Cain says a misconception is that hospitals can sterilize scopes. The process used in GI centers, she says, is called high-level disinfection. At the Mayo Clinic, trained professionals first clean scopes manually, brushing each channel, then attach them to the machine, which runs a cycle of soaking and flushing with water, and a 30-minute glutaraldehyde soak.
Proper cleaning prevents infection, and can eliminate instrument deterioration and malfunction.
At the North Chicago VAMC, Tydell says personnel test reprocessing units daily, keeping logs of infection-related information that is reported to the infection control nurse.
For many years, glutaraldehyde has been the disinfectant solution of choice within healthcare facilities. The non-corrosive solution does not damage endoscopes, and is highly resistant to neutralization by organic soil. The problem with the solution, however, is the health risks it can present to staff. Cain says nurses exposed to the caustic solution have complained of headaches and skin reactions. Breathing problems also have been reported in some facilities.
Tydell says a number of disinfectants can be dangerous to HCWs, and stresses the importance of personal protective equipment (PPE) and proper ventilation where chemicals are used. Every hospital should have an accessible safety data sheet describing the risks of handling chemicals. APIC suggests installing exhaust hoods for tubs if at all possible.1
FDA regulations state: "Devices that do not penetrate the skin or come in contact with normally sterile areas of the body, such as several types of endoscopes, must be disinfected, at a minimum, with an Environmental Protection Agency (EPA-) registered and FDA-cleared disinfectant. The disinfectant selected must be of appropriate strength to kill the types of organisms that may contaminate the particular device.2"
According to APIC, use of a disinfectant solution for extensive periods of time can result in dilution.1 For this reason, commercial test kits are available for chlorine, hydrogen peroxide,and glutaraldehyde solutions to determine whether an effective concentration of active ingredients is present.
Protection of HCWs
While vaccinations are more readily available than ever, many HCWs are not vaccinated. In 1990, the FDA estimated that about 250 HCWs die annually from complications of HBV acquired on the job. Tydell says that while it is crucial that nurses receive at least annual health surveillance, some hospitals are cutting down on employee health functions because of cost. She adds that emergency room (ER) staff should have access to stool sample testing and X-rays on a regular basis.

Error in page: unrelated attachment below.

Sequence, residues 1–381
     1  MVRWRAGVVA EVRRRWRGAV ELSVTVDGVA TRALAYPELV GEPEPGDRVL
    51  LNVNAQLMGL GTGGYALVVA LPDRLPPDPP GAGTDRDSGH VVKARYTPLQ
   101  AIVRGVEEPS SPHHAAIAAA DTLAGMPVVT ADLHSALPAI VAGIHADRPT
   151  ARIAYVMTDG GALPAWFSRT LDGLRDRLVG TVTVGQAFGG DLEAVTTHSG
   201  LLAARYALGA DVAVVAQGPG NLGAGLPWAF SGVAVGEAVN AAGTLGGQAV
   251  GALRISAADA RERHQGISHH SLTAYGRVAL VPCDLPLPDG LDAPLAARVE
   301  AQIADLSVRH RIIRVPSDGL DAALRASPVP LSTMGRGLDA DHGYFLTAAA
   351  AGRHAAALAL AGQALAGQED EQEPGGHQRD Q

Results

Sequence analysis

Taking measures to protect the clinician will also protect the patient.2 PPE should be worn by all endoscopy personnel and readily accessible in the endoscopy area. Protective attire includes gloves, masks, eye protection and moisture-resistant gowns or aprons.
The FDA and the CDC identify other safety practices including: caution in handling sharp instruments, proper disposal of sharp instruments; in labeled, puncture-resistant containers and immediate handwashing following exposure to bodily fluids.
HIV and hepatitis are among nurses' primary concerns when it comes to endoscopy-related infection, Tydell says. Tuberculosis (TB) is the main concern surrounding bronchoscopy. In a 1992 American Hospital Association (AHA)/CDC survey, 90 of 729 respondents reported nosocomial TB transmission to HCWs.4
In 1994, the Occupational Safety and Health Administration (OSHA) revised and published guidelines regarding the responsibility of employers in preventing the transmission of TB. The guidelines identify several control methods, including early identification, isolation and treatment of persons with TB, use of engineering and administrative procedures to reduce exposure, and the use of respiratory protection.
Tydell says some procedures will present greater risk than others. If endoscopy complications such as perforation arise, for example, excessive bleeding may occur. As long as the staff is practicing the right precautions and do not break technique, she says they are not in serious danger.
There is a level of infection control awareness that is yet to be attained, Tydell says. "The general public is very lackadaisical about infections. They figure we have something to cure them and they won't get sick or die from these things anymore," she says. "It is really hard to convince people that these bugs are still out there and they are much better at causing disease than we are at stopping it."
Since 1987, the CDC has identified universal precautions for all HCWs to prevent the spread of HBV, HIV and other blood-borne infections. The most fundamental precaution is the assumption that the "blood and body fluids of all patients may be infectious, and measures to protect against exposure must be observed at all times."2
The CDC and FDA are continually working to assess the frequency and level of endoscope contamination within hospitals and clinics. Healthcare professionals are asked to report episodes of endoscopy-related infection in patients undergoing gastrointestinal endoscopy or bronchoscopy directly to their county or state health departments, or to internal safety, infection control and risk-management programs.
If it is suspected that infection is being transferred through contaminated endoscopy equipment, it is useful to maintain a logbook that includes each patient's name and medical record number, the procedure, the endoscopist and the serial number of the endoscope, according to APIC.